We refused to be deterred by the dismantled lobby obviously going through a makeover. Persevering to the right and heading up a short flight of stairs, we soon entered a two-story-high dining room that left us gasping at its opulence. With its dreamy cornflower-blue walls, gilded trim, chandeliers dripping crystals, tropical palm plumage, and elegant candelabra-topped tables, we felt like we’d stepped into Versailles. The luxe space is decidedly anachronistic amid today’s no-nonsense industrial, brick-walled eating spaces. But the fancy décor works at The French Kitchen at Lord Baltimore Hotel. The dining room is inside the stately hotel, which opened in 1928 and was the largest hotel in Maryland at one time. Myriad years and owners later, the French renaissance landmark is once again reliving its glory days with a massive renovation from top to bottom. The French Kitchen is one of its centerpieces.
It even impressed its executive chef, Jordan Miller, who opened The Chesapeake in the Station North Arts and Entertainment District last year and has cooked at restaurants across the nation. “When I was looking for a new place to land, the dining room was a selling point for me,” he says. “It’s a pleasure to work here.”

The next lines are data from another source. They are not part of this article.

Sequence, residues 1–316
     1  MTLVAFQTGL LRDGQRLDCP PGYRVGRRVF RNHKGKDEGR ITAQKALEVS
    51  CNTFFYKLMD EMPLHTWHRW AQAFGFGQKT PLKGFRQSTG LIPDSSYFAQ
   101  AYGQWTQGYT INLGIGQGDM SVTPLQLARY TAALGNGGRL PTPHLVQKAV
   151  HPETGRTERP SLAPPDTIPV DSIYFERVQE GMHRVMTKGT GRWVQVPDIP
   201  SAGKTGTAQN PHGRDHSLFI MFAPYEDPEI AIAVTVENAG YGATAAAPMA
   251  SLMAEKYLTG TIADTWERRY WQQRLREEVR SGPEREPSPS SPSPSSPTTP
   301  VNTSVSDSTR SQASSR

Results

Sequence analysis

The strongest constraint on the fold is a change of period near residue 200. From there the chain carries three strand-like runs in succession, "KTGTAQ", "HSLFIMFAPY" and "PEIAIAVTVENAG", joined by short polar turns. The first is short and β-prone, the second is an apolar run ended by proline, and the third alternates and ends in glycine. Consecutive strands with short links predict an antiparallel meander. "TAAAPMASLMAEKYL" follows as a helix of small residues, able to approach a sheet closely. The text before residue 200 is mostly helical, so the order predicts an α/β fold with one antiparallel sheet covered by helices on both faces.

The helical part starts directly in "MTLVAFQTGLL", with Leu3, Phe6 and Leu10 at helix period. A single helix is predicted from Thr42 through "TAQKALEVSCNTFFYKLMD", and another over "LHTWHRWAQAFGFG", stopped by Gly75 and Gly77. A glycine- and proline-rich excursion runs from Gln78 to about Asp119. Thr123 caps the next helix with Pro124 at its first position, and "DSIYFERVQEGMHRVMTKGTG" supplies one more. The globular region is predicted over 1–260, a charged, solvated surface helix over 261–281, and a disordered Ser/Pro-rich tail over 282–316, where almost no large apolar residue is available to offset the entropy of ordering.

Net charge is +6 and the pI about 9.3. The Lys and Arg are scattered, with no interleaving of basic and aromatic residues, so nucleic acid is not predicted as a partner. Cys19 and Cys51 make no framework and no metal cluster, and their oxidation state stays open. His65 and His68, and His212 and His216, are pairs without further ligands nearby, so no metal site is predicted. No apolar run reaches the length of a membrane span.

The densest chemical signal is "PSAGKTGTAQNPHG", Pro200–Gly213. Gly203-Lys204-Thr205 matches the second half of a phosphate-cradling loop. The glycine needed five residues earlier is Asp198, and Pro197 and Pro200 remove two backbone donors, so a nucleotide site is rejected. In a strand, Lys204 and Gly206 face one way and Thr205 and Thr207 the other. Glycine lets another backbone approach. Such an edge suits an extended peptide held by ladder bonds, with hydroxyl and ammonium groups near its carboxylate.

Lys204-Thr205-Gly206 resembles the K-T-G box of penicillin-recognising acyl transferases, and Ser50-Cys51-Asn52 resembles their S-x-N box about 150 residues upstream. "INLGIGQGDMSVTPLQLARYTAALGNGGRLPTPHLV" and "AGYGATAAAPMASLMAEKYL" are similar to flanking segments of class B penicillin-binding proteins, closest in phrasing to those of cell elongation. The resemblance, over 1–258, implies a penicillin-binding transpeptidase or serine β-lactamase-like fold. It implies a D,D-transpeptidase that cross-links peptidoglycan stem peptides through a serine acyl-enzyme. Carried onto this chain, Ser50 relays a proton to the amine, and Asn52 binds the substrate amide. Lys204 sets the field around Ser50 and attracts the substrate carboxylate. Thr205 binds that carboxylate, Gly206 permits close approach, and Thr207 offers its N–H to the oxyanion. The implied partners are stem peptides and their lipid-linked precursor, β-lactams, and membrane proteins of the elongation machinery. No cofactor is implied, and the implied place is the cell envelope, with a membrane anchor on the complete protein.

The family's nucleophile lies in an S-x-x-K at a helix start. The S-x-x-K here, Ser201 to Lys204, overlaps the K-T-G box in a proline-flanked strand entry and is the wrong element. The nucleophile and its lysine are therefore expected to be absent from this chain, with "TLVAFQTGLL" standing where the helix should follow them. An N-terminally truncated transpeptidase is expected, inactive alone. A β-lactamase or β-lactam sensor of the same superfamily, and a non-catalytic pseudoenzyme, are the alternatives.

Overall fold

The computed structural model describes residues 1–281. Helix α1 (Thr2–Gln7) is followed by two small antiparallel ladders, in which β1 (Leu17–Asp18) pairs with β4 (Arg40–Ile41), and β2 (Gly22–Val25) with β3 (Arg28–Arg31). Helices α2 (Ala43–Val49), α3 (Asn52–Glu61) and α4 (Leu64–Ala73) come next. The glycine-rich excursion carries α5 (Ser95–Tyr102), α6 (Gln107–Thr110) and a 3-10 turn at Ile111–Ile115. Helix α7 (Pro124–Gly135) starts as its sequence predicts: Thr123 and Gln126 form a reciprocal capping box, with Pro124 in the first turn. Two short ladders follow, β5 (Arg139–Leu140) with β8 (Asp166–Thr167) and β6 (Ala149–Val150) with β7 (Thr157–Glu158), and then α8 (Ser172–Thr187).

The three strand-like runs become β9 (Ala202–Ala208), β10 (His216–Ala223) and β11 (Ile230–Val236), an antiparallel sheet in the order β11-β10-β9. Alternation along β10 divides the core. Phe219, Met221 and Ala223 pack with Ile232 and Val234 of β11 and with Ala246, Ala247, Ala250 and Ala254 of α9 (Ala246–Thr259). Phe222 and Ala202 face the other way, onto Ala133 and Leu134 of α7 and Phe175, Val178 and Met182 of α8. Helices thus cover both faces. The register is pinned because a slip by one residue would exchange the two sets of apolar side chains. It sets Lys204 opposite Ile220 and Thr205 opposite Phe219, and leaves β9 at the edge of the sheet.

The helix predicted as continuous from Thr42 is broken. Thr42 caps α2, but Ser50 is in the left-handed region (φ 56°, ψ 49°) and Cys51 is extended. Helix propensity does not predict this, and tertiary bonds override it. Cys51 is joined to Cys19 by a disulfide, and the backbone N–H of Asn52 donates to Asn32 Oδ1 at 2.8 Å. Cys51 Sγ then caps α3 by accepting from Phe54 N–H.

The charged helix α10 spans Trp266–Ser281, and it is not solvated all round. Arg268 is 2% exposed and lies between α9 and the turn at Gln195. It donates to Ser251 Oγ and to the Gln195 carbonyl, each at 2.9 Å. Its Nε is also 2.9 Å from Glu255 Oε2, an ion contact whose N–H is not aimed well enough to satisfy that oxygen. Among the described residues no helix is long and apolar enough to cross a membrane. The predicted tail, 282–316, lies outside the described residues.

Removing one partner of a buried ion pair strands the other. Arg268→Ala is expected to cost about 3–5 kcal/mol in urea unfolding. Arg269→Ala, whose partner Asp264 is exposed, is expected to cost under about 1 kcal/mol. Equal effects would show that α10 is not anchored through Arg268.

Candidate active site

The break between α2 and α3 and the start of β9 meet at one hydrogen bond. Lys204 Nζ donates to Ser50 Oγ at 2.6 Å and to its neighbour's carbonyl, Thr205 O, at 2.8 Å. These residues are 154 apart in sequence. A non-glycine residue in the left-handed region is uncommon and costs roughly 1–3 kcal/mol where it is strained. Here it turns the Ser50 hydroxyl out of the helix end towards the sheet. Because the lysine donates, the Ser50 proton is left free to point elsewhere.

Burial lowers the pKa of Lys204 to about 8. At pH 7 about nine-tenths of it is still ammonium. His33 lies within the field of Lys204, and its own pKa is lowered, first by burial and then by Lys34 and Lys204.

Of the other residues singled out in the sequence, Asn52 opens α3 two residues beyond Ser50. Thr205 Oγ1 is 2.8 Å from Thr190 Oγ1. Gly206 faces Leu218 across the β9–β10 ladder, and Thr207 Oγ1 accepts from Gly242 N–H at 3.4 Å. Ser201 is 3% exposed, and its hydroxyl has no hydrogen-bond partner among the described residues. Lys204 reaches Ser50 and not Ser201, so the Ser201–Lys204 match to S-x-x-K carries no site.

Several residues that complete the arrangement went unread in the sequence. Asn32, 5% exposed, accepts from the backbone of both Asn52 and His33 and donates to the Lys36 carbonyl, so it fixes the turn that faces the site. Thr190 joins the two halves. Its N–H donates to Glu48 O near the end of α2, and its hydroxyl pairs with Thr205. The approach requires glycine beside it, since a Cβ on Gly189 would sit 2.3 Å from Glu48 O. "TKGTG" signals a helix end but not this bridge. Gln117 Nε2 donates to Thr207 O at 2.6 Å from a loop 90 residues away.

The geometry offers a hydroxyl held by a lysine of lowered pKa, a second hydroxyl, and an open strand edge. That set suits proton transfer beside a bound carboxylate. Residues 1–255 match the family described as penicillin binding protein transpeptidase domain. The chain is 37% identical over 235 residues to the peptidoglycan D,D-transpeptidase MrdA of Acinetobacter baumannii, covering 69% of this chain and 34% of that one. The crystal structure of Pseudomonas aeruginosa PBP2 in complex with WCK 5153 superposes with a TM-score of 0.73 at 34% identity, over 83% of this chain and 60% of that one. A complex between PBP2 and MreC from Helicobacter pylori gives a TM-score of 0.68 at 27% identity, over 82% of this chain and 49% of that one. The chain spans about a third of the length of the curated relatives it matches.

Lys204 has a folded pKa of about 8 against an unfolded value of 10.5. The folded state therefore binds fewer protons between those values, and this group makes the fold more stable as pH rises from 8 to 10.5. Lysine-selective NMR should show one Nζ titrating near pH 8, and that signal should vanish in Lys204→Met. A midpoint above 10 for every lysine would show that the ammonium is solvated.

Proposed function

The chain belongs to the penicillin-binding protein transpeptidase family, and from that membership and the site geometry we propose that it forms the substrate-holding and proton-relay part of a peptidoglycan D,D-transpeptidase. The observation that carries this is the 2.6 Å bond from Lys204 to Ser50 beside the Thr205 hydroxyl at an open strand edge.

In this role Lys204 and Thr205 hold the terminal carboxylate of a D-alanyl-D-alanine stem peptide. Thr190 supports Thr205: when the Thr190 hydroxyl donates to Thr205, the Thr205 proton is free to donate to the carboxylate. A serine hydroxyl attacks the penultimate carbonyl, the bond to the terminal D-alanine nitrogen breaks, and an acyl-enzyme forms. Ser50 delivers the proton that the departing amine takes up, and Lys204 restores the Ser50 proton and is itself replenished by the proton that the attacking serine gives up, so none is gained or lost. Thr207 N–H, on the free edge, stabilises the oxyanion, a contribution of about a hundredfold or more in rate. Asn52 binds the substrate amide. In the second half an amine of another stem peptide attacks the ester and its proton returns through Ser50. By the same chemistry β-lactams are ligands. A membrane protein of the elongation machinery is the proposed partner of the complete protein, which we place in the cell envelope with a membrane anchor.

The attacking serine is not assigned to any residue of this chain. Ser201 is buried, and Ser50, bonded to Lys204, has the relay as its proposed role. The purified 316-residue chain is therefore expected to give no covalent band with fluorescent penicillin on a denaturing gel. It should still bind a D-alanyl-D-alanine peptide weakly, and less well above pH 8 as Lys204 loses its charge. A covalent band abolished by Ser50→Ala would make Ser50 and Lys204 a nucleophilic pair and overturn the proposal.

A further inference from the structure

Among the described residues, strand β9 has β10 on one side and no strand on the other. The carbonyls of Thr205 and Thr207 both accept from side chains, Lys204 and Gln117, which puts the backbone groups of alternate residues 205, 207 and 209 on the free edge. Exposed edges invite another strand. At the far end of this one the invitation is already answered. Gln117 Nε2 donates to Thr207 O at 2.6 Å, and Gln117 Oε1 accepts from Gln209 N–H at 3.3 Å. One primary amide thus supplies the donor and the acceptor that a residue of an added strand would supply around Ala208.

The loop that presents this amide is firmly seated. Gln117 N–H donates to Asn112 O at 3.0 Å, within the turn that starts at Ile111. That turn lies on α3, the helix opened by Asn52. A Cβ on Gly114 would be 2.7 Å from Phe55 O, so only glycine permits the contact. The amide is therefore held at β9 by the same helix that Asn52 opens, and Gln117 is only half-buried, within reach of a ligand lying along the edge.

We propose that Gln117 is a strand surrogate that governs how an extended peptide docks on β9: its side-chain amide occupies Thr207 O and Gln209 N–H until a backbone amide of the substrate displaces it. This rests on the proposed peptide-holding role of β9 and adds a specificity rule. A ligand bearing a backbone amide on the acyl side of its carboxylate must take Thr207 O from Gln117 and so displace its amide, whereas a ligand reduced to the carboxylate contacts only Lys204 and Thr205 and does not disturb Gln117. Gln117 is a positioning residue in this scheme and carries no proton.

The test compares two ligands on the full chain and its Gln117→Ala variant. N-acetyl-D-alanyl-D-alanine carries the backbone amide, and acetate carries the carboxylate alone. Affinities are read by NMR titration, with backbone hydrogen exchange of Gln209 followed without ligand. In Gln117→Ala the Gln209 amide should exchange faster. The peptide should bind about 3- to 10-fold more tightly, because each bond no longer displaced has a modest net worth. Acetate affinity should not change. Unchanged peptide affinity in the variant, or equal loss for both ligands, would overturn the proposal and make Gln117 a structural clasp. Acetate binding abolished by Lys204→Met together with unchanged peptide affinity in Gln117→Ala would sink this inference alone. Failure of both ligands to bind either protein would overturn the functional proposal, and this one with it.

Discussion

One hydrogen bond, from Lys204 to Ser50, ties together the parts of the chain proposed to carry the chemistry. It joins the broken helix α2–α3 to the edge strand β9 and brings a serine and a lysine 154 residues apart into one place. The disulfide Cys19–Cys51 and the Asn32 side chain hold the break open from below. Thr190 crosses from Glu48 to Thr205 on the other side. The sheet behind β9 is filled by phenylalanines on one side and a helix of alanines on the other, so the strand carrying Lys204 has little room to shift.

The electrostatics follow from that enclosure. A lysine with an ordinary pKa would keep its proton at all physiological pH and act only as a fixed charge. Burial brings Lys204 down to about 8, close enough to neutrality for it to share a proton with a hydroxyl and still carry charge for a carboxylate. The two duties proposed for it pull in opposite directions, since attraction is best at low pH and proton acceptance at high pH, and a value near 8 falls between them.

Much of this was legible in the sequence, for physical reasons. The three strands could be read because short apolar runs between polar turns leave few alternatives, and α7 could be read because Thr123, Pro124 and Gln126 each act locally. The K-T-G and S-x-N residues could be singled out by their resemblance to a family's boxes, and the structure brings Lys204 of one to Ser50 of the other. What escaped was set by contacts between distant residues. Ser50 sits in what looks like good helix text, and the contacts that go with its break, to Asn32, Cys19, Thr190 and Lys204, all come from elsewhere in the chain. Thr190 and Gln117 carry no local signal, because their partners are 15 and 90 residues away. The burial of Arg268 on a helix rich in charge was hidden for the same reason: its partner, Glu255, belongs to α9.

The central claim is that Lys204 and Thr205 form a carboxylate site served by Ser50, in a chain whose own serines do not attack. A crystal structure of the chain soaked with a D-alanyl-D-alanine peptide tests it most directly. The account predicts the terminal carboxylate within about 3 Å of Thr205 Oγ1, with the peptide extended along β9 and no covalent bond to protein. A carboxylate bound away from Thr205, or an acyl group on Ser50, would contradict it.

The restaurant isn’t just about appearances. The thoughtful menu, with a dozen entrees, reflects the culture of its location with classical and updated French fare. You’ll find bistro staples like a croque-madame sandwich (that’s the one with the fried egg), an omelet, and a quiche of the day, as well as heartier plates like steak frites, duck, and fish (monkfish, the night we visited).
Miller creates deconstructed-style dishes that are layered, shaped, and stacked into artistic wonders. While the boeuf bourguignon may not be Julia Child’s excellent stew-like version, Miller’s showcases a succulent short rib atop a pool of rich burgundy sauce surrounded by colorful root vegetables as pretty as a Cézanne still life.
“I’m taking classic preparations and flavors and then cleaning them up a bit,” Miller says. “We’re also doing old school like coq au vin and pot-au-feu.”
But before we got to our main meals, an aromatic bread basket with house-made baguette slices and boules (there’s a baker and pastry chef in the kitchen) was delivered to our table with condiments like in-house cured olives and a tangy orange marmalade—a welcome rustic offering in the cavernous room dotted with banquettes, bare wood tables, and plush seating.